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Duty to make ‘reasonable adjustments’ to be extended to common areas

An extension of the requirement for landlords to allow ‘reasonable adjustments’ to their properties for the benefit of disabled tenants has been proposed by the Government.

The consultative document, Improving disabled people’s access to let residential premises, suggests that it is now time to ‘switch on’ remaining parts of the 2010 Equality Act applying to common parts of leased and rented properties.

This would place a duty on landlords to make reasonable adjustments to common parts where these are requested by a disabled person, explained Minister for Equalities and Levelling Up Communities, Kemi Badenoch.

‘Our intention is to enable a disabled person to require a landlord to make reasonable physical changes to communal spaces outside the disabled person’s home – including outside areas, entrances, hallways, landings and stairwells – so they can more easily use them’, she said.

However, there is no duty for the landlord to pay for such changes. ‘Our policy position – as reflected in the legislation – is that it is always reasonable for the landlord to insist that the disabled person pays for the alteration (including costs arising from the works and any restoration costs)’, said Badenoch.

The Government has needed to take account of burdens, costs and other priorities in deciding to move forward with commencement of the remaining parts of the 2010 Act, she said. ‘But I am delighted that we have now reached a point where implementation of the provisions can soon proceed’.

Implementation will place a duty on landlords to make reasonable adjustments to the common parts of let residential premises when requested by a disabled person.

‘Common parts’ include outside areas, entrances, hallways, landings and stairwells.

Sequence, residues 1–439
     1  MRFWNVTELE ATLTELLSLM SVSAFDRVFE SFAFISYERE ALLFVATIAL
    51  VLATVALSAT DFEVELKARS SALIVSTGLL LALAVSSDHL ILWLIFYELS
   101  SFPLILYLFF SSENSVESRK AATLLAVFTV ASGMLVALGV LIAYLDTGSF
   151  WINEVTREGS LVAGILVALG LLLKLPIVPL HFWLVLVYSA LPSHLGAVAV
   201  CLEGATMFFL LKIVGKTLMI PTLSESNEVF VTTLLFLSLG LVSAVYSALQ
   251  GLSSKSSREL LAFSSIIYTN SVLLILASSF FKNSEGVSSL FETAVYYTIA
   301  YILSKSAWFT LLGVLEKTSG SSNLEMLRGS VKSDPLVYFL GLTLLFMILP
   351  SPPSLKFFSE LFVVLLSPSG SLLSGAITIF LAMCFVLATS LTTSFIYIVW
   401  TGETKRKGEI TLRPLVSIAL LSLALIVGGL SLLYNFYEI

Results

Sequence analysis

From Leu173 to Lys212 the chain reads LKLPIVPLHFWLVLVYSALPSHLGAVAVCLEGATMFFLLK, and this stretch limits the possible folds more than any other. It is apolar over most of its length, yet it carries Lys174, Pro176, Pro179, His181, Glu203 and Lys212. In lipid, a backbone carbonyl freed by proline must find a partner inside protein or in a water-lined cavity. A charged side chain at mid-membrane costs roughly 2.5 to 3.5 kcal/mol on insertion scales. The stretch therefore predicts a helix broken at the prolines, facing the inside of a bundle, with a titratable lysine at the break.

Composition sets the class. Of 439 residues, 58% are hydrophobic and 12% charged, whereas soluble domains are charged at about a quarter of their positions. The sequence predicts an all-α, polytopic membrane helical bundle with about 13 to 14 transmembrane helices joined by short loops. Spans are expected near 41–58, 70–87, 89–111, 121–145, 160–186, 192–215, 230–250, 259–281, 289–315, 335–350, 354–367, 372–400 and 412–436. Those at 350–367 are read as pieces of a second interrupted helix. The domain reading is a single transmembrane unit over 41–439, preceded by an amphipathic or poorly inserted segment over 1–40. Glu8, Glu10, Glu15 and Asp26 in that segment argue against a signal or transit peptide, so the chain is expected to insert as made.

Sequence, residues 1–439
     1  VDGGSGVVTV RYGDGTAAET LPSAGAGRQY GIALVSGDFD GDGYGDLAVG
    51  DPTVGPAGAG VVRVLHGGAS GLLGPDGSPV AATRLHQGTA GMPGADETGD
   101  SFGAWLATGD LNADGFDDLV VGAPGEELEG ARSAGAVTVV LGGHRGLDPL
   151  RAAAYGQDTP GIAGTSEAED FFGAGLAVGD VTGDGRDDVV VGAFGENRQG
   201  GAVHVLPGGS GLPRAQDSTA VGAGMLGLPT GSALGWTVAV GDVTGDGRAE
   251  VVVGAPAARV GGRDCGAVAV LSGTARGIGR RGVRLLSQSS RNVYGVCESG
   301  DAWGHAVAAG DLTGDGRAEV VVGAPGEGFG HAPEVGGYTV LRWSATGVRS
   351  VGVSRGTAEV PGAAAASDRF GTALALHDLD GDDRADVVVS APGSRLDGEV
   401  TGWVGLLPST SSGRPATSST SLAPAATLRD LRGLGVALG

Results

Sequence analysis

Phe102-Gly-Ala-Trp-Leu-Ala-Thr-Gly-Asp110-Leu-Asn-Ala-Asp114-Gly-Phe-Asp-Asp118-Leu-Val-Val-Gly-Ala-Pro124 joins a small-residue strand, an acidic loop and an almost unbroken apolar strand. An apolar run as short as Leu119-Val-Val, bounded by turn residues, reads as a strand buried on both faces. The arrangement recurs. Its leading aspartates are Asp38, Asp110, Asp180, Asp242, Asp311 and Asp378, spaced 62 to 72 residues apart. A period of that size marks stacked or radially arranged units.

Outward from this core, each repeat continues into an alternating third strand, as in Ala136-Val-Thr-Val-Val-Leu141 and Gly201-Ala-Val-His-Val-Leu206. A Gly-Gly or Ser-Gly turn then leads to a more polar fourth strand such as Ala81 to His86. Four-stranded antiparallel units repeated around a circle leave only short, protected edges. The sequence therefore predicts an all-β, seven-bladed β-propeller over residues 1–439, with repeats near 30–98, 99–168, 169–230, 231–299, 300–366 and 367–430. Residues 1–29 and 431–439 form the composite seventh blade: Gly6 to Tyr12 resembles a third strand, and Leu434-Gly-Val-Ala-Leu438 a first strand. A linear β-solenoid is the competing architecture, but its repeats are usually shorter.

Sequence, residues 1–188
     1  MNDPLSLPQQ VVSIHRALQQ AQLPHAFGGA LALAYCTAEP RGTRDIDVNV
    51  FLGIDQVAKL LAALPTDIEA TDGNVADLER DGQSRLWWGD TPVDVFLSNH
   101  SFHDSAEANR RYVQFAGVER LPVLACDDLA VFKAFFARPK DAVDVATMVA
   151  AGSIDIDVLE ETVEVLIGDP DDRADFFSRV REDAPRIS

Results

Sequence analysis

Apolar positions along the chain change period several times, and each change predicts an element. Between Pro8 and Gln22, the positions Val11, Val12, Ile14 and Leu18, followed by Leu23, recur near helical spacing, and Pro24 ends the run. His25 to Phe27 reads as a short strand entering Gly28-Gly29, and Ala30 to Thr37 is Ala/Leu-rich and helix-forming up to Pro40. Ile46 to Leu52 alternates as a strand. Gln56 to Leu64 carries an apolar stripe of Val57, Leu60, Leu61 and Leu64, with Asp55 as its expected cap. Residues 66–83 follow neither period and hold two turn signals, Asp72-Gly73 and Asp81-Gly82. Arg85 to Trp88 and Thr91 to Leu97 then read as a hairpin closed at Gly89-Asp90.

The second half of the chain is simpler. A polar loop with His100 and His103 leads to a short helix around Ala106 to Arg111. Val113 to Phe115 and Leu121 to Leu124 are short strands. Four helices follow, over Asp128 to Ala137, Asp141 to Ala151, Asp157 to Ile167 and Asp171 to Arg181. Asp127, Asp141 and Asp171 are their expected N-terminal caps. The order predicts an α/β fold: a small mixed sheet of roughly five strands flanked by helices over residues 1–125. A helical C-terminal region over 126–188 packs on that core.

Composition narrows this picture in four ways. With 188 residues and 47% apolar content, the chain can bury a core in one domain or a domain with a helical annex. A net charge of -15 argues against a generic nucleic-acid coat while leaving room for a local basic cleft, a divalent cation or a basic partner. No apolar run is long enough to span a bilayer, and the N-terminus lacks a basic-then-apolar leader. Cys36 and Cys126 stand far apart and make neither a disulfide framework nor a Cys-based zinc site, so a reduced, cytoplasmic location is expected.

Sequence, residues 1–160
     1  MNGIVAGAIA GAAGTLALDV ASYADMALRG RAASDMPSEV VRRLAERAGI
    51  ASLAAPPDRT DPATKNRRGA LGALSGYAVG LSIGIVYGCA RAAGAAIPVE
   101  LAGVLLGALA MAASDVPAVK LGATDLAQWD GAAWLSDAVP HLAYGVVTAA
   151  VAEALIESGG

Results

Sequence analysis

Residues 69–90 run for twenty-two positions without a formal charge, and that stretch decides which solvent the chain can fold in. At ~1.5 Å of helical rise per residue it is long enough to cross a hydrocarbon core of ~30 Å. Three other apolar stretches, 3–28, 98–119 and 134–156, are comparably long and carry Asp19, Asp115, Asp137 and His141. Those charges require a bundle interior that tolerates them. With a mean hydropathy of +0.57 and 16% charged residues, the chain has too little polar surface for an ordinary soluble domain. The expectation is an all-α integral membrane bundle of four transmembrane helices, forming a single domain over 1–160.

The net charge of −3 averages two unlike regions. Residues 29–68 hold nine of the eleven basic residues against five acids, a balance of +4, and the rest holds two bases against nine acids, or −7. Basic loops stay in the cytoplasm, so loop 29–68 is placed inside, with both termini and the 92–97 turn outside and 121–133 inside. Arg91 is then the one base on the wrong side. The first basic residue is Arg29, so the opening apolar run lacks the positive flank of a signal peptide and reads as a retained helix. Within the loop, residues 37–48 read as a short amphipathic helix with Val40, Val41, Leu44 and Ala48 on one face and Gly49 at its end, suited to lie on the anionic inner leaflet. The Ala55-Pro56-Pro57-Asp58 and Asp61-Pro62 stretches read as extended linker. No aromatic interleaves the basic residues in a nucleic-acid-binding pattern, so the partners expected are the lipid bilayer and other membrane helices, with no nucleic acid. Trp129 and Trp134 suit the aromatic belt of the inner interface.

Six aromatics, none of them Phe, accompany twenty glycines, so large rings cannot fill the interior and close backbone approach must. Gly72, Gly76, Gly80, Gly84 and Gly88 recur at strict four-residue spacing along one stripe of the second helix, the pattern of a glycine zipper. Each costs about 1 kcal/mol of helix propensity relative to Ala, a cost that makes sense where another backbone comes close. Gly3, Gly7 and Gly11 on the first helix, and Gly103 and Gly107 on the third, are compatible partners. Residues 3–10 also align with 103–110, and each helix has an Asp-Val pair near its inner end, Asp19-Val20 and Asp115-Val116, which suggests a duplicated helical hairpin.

Before deciding what is reasonable and what must be done, landlords will have to consult with anyone they think may be affected by the proposed changes; including any other tenants and leaseholders.

The Equality Act 2010 already imposes a duty on landlords and commonhold associations to allow and make reasonable adjustments, on request from disabled tenants, to their private dwellings. Disabled people can also make such requests regarding common parts although there is currently no legal duty on their landlords to make reasonable adjustments to such common parts.

When commenced, section 36(1)(d) will extend this duty to common parts of residential property. This will effectively give disabled tenants, leaseholders and anyone else entitled to live in the premises the legal right to require landlords to make reasonable adjustments to the common parts of their flats. These might include, for example, a wheelchair ramp at an entrance, improved lighting or rails in hallways and stairwells.

This new right would apply in all non-freehold housing sectors – leasehold-owned, the private rented sector and housing provided by local authorities and housing associations, where the premises has common parts, subject to certain exceptions.

The legislation makes clear that the landlord can insist, before an agreement, that the tenant (or their guardian) funds:

  • any adjustment agreed as reasonable by the landlord
  • reasonable maintenance costs
  • the cost of any removal and restoration of the building upon vacating the property

However, the consultative paper points out this does not preclude other possibilities – for example, the landlord paying for the adjustments or paying part of the cost.

The consultation is open until August.